Page:United States Statutes at Large Volume 33 Part 2.djvu/1039

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and sell within the United States arms and munitions of war, and other articles ordinarily known as "contraband of war", yet they cannot carry such articles upon the high seas for the use or service of either belligerent, nor can they transport soldiers and officers of either, or attempt to break any blockade which may be lawfully established and maintained during the war, without incurring the risk of hostile capture, and the penalties denounced by the law of nations in that behalf.

And I do hereby give notice that all citizens of the United States and others who may claim the protection of this government, who may misconduct themselves in the premises, will do so at their peril, and that they can in no wise obtain any protection from the government of the United States against the consequences of their misconduct.

IN WITNESS WHEREOF I have hereunto set my hand and caused the seal of the United States to be affixed.

DONE at the city of Washington this 11th day of February in the year of our Lord one thousand nine hundred and four and of the independence of the United States the one hundred and twenty-eighth.


Theodore Roosevelt
By the President:
John Hay
Secretary of State.

[No. 19.]

 March 5, 1904. 

By the President of the United States of America.


Vol. 26, p. 1103.
WHEREAS, it is provided by section twenty-four of the Act of Congress, approved March third, eighteen hundred and ninety-one, entitled, "An Act to repeal timber-culture laws, and for other purposes", "That the President of the United States may, from time to time, set apart and reserve, in any State or Territory having public land bearing forests, in any part of the public lands wholly or in part covered with timber or undergrowth, whether of commercial value or not, as public reservations, and the President shall, by public proclamation, declare the establishment of such reservations and the limits thereof";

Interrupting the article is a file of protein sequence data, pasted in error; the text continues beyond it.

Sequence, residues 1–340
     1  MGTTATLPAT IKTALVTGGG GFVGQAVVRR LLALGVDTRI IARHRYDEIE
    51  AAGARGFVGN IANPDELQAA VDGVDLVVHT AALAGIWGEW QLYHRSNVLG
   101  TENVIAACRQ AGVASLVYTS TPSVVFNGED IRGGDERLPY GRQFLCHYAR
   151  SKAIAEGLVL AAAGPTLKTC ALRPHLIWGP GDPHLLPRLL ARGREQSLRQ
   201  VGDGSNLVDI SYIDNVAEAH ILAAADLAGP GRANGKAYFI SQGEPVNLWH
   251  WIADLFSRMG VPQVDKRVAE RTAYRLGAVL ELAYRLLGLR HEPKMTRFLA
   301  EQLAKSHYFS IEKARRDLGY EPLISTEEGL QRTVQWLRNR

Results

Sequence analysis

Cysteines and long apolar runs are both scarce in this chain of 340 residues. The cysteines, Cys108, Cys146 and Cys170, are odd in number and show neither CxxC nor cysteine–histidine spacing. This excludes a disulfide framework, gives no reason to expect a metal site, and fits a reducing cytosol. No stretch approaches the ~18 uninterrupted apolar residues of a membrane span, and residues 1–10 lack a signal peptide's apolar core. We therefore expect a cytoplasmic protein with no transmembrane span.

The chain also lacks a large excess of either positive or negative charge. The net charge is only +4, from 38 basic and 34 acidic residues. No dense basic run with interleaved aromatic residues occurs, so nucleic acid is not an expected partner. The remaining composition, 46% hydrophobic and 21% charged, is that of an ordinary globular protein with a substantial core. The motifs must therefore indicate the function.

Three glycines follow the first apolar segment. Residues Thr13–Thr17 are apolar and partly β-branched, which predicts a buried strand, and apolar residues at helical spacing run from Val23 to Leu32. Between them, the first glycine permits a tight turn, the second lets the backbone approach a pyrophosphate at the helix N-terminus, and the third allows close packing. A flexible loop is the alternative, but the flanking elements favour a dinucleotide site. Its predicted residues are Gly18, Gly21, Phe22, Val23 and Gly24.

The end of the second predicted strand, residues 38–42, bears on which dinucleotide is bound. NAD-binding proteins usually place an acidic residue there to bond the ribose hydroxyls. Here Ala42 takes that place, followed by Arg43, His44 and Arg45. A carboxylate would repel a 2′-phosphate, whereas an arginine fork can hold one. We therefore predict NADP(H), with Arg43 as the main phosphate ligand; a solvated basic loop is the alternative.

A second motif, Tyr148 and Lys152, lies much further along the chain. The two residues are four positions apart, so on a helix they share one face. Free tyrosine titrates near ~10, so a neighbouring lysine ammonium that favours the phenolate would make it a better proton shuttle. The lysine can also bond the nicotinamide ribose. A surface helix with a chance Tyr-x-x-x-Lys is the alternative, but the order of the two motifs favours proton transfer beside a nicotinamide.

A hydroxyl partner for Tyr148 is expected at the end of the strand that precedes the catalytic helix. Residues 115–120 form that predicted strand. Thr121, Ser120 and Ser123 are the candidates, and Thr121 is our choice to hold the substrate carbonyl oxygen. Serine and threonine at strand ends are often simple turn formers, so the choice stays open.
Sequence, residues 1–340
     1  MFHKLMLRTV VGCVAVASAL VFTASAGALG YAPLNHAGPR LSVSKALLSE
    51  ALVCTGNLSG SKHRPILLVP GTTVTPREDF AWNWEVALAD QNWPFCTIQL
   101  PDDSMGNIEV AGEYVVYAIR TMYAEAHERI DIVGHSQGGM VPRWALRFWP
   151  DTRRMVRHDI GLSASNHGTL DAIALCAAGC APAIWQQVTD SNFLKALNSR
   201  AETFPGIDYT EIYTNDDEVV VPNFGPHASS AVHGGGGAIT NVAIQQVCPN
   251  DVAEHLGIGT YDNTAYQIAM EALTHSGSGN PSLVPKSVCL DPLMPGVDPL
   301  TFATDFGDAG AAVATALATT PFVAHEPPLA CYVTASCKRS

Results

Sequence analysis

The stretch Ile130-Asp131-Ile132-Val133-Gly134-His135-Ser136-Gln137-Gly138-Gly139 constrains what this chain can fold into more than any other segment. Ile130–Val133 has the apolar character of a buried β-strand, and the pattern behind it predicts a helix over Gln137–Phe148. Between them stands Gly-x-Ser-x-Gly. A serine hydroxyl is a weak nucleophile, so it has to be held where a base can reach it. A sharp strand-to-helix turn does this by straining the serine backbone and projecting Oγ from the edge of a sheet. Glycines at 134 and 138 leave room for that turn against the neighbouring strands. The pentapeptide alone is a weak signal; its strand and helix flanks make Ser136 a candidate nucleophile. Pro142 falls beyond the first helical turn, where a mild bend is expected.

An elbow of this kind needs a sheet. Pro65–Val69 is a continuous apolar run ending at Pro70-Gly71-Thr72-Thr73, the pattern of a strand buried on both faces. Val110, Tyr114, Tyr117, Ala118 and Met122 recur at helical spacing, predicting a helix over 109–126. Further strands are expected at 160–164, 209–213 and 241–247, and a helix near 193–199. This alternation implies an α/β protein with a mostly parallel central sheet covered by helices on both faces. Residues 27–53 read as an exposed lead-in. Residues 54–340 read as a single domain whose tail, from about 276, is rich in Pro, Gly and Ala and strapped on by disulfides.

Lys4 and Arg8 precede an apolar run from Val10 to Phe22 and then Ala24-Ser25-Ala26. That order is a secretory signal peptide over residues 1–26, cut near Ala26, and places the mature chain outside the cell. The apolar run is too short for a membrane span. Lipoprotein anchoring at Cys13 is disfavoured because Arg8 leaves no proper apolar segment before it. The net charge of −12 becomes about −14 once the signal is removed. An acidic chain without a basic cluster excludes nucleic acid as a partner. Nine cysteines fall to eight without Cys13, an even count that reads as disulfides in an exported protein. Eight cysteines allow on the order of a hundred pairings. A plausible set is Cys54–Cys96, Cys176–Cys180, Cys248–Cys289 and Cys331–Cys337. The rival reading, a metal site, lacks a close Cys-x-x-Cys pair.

And Whereas, the public lands in the State of South Dakota, within the limits hereinafter described, are in part covered with timber, and it appears that the public good would be promoted by setting apart and reserving said lands as a public reservation;

Forest reserve, South Dakota.
Now, Therefore, I, Theodore Roosevelt, President of the United States, by virtue of the power in me vested by section twenty-four of the aforesaid Act of Congress, do hereby make known and proclaim that there are hereby reserved from entry or settlement and set apart as a Public Reservation all those certain tracts, pieces or parcels of land lying and being situate in the State of South Dakota and particularly described as follows, to wit:

In Township twenty (20) North, Range four (4) East, the north-east quarter of the north-east quarter of Section one, (1); in Township twenty-one (21) North, Range four (4) East, Section thirteen (13), the south half of the north-east quarter, the south-east quarter of the north-west quarter, the east half of the south-west quarter, and the south-east quarter of Section twenty-three, (23), Sections twenty-four (24) and twenty-five (25), the east half of the north-west quarter, the east half of the south-west quarter, and the east half of Section twenty-six (26), the east half of the north-east quarter, and the north-east